What the release of Trump’s tax returns tells us about America


The Supreme Court’s rejection of an emergency petition from former President Donald Trump to block the release of his tax returns marks the culmination of a three-year legal battle with the House Ways and Means Committee — and the confirmation of a simple law that Congressional investigators broad access to tax return information.

While it’s unclear how soon the filings will be turned over by the Treasury Department — and how the committee’s work might be affected by the expected move from the House of Representatives to a Republican majority — there’s no doubt the filings contain a potential treasure trove of information that Trump does not want revealed.

The documents may include a more complete picture of the 500 or so LLCs Trump uses in his various business dealings by shedding light on how income from such “pass-through” entities was treated by Trump in his tax returns, as well as information about foreign assets and the charities he claims to fund.

The value of this information can be seen in how hard Trump has tried to hide it from scrutiny and how Trump investigators – and Trump haters – have treated his tax returns as a “holy grail” for holding Trump accountable. But like all great quests, the goal is less important than the means.

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The scandals of the Nixon/Watergate era have often led to and provided insight into the abuse of power issues that have arisen with Trump — but there is a crucial difference between the political climate of the time and ours.

The way congressional detectives will finally have access to Trump’s charges says a lot about the state of our country. Unlike any other president since the 1970s, Trump refused to release his tax returns, despite his commitment to do so. And when the Ways and Means Committee sought access to them, it was blocked by Trump Treasury Secretary Steve Mnuchin — who refused to hand over the tax return, relying in part on the support of Trump’s Justice Department.

After a lawsuit was filed, Judge Trevor McFadden (a Trump appointee) sat on the case for two and a half years before finally ruling that the reports should be released. But the judge still delayed the release until the D.C. Circuit federal appeals court could rule.

After the DC Circuit also ruled against Trump — and Trump’s request for a full en banc panel hearing was rejected by the appeals court — the release continued to be thwarted by U.S. Supreme Court Chief Justice John Roberts, who called for an adjournment of act issued. Roberts did so on November 3 — days before the midterm elections, which were widely expected at the time to result in Republicans taking control of the House of Representatives.

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Contrary to Trump’s arguments and his Treasury Secretary’s claims, the disclosure of a president’s tax returns to congressional investigators was not unprecedented. In 1973, after mounting concerns about whether President Richard Nixon had underpaid his taxes, the IRS turned Nixon’s tax returns over to a congressional committee on the same day.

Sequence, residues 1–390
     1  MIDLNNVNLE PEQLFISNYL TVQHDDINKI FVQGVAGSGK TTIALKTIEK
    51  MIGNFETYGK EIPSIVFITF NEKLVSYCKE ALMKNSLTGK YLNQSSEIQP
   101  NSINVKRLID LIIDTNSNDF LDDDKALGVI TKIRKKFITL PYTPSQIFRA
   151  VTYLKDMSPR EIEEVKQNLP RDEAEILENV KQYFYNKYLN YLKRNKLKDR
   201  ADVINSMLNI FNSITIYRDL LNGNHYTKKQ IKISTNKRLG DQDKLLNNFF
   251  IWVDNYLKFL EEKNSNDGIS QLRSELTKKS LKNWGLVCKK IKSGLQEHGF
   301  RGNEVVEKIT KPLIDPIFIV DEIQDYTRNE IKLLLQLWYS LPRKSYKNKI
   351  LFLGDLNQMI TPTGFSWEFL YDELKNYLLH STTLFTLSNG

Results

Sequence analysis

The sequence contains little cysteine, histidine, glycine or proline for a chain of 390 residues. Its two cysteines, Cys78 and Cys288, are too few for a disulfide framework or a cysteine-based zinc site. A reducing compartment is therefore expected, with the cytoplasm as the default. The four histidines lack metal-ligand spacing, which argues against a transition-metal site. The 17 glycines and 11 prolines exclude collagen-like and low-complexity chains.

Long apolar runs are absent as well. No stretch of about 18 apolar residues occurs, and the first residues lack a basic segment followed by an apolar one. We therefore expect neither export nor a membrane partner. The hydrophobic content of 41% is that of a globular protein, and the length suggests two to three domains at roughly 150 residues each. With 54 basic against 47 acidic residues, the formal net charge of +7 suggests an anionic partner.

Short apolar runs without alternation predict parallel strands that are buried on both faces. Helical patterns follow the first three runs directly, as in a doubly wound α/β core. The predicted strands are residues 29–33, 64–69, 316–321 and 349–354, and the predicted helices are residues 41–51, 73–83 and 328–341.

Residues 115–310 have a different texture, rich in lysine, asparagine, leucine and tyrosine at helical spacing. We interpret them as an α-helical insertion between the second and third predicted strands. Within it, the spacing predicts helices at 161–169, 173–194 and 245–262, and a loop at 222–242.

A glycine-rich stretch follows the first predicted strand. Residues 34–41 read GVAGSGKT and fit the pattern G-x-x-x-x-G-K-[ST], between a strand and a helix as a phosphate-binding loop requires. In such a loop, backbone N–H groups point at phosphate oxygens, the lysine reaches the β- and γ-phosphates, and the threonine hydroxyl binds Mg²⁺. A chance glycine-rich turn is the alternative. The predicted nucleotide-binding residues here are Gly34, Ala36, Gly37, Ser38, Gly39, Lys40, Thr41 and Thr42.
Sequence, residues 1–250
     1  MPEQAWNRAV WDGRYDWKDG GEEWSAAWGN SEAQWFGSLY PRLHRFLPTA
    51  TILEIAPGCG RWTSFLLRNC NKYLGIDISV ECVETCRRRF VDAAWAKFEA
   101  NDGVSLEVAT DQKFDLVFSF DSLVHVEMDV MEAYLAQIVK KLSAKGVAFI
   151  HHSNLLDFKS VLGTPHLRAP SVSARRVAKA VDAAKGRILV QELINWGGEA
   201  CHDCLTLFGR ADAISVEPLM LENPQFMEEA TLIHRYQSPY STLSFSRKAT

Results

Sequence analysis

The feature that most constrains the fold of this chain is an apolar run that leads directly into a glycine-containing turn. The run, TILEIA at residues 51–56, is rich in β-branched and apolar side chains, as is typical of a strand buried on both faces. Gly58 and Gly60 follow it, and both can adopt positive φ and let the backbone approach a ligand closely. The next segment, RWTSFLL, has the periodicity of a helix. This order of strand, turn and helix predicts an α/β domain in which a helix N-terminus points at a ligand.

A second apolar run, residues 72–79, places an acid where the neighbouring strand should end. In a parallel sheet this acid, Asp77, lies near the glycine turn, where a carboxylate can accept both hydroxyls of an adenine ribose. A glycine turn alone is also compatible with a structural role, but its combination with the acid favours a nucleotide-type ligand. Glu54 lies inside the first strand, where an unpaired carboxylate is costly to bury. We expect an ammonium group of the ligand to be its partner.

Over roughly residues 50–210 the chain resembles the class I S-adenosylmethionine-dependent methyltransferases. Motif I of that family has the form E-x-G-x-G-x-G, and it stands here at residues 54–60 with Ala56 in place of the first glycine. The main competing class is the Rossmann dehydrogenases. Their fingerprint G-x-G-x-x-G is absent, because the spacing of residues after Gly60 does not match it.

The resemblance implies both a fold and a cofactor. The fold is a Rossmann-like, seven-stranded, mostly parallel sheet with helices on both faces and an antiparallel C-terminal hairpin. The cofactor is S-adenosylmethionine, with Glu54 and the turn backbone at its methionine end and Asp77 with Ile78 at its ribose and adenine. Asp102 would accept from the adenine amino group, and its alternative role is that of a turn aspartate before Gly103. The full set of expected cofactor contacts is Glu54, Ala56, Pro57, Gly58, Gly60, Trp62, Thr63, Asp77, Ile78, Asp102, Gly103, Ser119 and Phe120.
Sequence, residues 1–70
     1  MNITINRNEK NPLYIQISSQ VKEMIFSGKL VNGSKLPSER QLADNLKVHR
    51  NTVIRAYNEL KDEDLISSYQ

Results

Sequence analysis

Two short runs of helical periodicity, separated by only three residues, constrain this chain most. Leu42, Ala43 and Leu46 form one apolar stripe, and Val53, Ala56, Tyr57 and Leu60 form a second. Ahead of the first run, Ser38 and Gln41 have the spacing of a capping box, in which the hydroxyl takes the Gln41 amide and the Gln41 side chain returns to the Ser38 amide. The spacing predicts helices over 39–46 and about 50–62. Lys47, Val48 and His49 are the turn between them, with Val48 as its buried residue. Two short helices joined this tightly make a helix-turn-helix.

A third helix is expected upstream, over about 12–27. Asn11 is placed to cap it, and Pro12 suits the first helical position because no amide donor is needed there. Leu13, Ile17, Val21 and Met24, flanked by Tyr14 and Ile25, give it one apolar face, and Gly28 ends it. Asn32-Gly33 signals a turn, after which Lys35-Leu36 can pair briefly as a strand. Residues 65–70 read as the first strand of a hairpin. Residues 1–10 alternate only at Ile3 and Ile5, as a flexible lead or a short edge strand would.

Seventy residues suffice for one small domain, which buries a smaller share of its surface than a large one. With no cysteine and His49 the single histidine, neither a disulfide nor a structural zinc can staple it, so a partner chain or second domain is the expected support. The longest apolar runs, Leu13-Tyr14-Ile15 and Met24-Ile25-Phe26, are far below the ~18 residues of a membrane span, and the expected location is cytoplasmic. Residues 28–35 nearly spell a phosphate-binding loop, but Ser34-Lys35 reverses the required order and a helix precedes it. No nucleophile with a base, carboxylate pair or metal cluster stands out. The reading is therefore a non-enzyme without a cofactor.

The investigation into Nixon’s tax situation was led by reporting from The New York Times, Washington Postand the Providence Journal-Bulletin actually obtaining Nixon’s tax returns.

Sounds familiar? It has to, because in 2020 The New York Times obtained tax filing records for Trump, covering more than two decades, which revealed that Trump had not paid income taxes for years, engaged in questionable tax practices, and received more money from foreign sources than previously known.

The scandals of the Nixon/Watergate era have often led to and provided insight into the abuse of power issues that have arisen with Trump — but there is a crucial difference between the political climate of the time and ours. As has often been noted, the three branches banded together to hold Richard Nixon accountable – with Congress holding hearings, the federal courts (including the Supreme Court) enforcing the validity of the investigations, including criminal investigations, and Nixon’s own Justice Department refused to give in. to such demands from Nixon as the dismissal of the Watergate special counsel.

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Such a unit did not exist opposite to opposite Trump.

Trump’s Justice and Treasury Departments aided his efforts to protect his taxes, and the federal judiciary delayed the process for years. As Democratic Representative Bill Pascrell of New Jersey pointed out, the Ways and Means Committee’s search for Trump’s taxes has lasted 1,329 days — nearly the length of the American Civil War. Ironically, the Supreme Court ruling against Trump also came on the anniversary of another 1,000 days — namely, the anniversary of President John F. Kennedy’s assassination, ending his 1,000 days in office.

Both events marked turning points in American history: the Civil War showed our determination to fight for our democracy, and the assassination of JFK marked the end of what is considered a more innocent time in our history.

In contrast, Donald Trump’s taxes don’t seem so monumental, but the long struggle to get them says a lot about the dysfunctions of our current system.



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